The Transgressions of Jacob Taubes

Jacob Taubes in 1978
Mehner/Ullstein via Getty Images

The Transgressions of Jacob Taubes 

Prominently featured in a recent issue of the New York Times Book Review is a biography titled Professor of Apocalypse: The Many Lives of Jacob Taubes by Jerry Z. Muller.  The reviewer is Mark Lilla, a distinguished Columbia University historian and social commentator.  Lilla’s review held special interest for me, since I am among the people who credit Taubes with bringing on a near heart attack.  This wasn’t so easy to do, since I never had a heart condition.

When I met him in the 1960’s, he was the youngest in a cadre of four philosophy professors, along with Paul Kristeller, John Herman Randall, and Horace Friess, who were co-teaching a graduate course on Hegel.  He also co-taught a course in philosophy of religion with Horace Friess, and organized the Columbia University Seminar on Hermeneutics, for which he appointed me Secretary.  I don’t recall whether he or Friess chaired the Religion Department at Columbia at that time, but Taubes had an office in Philosophy Hall overlooking the giant reproduction of Rodin’s The Thinker on the mall below.

One time Taubes told me that Susan Sontag and I were the two most brilliant students he’d ever had.  Maybe he said that to all the girls, but maybe not.

The reviewer assigns him responsibility for “career-destroying intrigues … sexual escapades … betrayals and suicides of those close to him, including his first wife … .”  In 1949, when Taubes came to Hebrew University in Jerusalem to study with Gershom Scholem, his pained teacher later gave him the dubious credit for disclosing “the reality of moral evil in the world.”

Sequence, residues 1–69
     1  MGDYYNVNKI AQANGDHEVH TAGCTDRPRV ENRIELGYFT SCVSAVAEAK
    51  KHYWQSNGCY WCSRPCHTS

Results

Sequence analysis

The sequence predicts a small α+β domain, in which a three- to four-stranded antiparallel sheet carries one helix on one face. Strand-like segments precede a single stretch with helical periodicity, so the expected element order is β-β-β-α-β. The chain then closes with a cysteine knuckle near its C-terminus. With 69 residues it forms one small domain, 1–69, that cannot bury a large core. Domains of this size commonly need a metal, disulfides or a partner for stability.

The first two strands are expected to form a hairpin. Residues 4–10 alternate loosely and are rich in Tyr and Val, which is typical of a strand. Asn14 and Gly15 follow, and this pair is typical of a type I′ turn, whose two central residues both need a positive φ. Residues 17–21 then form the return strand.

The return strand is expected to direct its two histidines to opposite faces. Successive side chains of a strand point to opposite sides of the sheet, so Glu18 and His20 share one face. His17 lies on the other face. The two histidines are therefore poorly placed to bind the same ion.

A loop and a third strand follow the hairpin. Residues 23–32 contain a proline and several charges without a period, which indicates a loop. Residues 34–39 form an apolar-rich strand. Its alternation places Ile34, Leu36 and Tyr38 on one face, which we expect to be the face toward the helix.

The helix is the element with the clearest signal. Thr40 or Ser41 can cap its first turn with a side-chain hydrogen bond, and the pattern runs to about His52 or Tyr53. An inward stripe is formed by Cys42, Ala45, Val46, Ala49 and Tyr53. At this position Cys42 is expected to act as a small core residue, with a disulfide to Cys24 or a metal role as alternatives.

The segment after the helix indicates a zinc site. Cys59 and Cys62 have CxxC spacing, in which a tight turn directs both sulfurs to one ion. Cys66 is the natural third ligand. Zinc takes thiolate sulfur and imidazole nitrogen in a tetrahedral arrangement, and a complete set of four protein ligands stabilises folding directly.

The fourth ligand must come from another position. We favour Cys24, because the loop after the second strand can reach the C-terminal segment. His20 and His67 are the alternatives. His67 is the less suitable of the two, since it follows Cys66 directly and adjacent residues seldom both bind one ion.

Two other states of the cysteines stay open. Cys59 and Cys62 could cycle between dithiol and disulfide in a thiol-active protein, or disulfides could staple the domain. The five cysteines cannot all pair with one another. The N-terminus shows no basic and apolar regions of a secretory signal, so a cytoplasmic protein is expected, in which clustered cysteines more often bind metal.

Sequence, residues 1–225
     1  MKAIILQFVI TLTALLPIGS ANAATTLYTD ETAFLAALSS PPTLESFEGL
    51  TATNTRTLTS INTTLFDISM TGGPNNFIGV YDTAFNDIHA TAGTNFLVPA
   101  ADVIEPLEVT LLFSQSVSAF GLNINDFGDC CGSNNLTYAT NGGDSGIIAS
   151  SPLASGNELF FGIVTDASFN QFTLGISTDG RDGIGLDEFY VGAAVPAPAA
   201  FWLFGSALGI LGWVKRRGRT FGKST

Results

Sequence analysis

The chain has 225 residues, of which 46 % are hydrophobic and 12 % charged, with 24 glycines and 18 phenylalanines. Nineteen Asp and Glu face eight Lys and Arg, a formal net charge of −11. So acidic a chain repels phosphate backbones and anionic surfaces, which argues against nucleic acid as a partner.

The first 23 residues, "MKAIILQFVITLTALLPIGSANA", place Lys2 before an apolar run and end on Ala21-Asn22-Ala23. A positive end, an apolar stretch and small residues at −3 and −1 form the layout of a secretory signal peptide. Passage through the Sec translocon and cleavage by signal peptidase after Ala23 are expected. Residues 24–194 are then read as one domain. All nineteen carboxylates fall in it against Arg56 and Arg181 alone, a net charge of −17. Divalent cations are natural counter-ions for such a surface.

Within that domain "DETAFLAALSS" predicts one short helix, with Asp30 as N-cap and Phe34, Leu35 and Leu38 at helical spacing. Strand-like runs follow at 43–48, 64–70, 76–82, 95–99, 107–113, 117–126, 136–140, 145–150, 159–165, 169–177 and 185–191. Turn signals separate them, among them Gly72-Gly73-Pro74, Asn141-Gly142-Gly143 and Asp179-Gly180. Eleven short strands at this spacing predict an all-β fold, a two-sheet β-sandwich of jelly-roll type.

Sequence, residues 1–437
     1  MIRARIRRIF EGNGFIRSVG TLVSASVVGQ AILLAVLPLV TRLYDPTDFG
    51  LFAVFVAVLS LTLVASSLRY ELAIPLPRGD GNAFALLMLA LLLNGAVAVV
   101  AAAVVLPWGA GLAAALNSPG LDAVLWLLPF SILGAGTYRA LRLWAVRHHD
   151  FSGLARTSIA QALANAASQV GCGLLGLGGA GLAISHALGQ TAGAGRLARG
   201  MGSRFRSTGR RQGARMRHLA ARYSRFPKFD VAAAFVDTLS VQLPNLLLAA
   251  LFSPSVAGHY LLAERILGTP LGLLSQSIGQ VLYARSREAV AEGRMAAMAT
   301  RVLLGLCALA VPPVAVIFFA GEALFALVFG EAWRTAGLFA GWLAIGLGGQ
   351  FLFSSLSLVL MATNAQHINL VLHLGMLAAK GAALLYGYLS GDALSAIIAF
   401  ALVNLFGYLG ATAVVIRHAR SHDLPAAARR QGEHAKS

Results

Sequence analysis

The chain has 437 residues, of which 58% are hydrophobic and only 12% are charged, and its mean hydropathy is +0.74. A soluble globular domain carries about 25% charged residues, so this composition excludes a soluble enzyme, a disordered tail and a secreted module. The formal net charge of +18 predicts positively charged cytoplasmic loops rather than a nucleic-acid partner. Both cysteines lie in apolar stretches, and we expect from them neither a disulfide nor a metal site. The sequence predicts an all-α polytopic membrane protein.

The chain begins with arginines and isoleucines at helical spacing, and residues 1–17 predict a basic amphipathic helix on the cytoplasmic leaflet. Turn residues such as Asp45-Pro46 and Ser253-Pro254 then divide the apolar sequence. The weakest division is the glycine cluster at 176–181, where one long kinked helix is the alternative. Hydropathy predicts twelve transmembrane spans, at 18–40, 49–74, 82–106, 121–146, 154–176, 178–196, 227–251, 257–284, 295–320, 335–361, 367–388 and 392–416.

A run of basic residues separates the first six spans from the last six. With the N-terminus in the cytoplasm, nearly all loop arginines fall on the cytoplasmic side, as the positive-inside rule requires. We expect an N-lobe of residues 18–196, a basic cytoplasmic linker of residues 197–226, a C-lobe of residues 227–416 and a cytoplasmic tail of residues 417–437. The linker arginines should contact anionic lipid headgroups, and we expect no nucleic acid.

At a later stage, Lilla finds him enjoying “a central role” in Maoist teach-ins with Herbert Marcuse in the early ‘70’s, when he was teaching at the Free University in Berlin while simultaneously ”cultivating a relationship with … Carl Schmitt, the antisemitic ‘crown jurist’ of the Third Reich, whose works [Taubes] promoted for their radical potential.”

Although the biography records the trail of shattered lives that Taubes left in his wake, I would not class him as evil tout court.  To me he was more like one of those twisted, half-crushed, pressed flowers of Mitteleuropa.  To qualify as evil in my book, you have to ruin lives with more deliberate, sustained, and cunning intent.

The first time we talked in his office, he noted that I was alone with a man in a room with the door shut.  “According to the rabbis, Abigail, this is adultery!”  

My goodness, I thought, if you can see it coming a mile away, not only is it not adultery – it’s not even clever!  

One time later, when we knew each other better, I found myself actually wrestling with him.  

“I’m fighting for my honor!” I said.

“Your honor is immaculate,” Taubes replied, with evident regret. 

Another time, we were talking about the European Jews who’d failed to foresee the Holocaust.  Our question was, whether theirs had been a culpable failure.  Taubes thought not.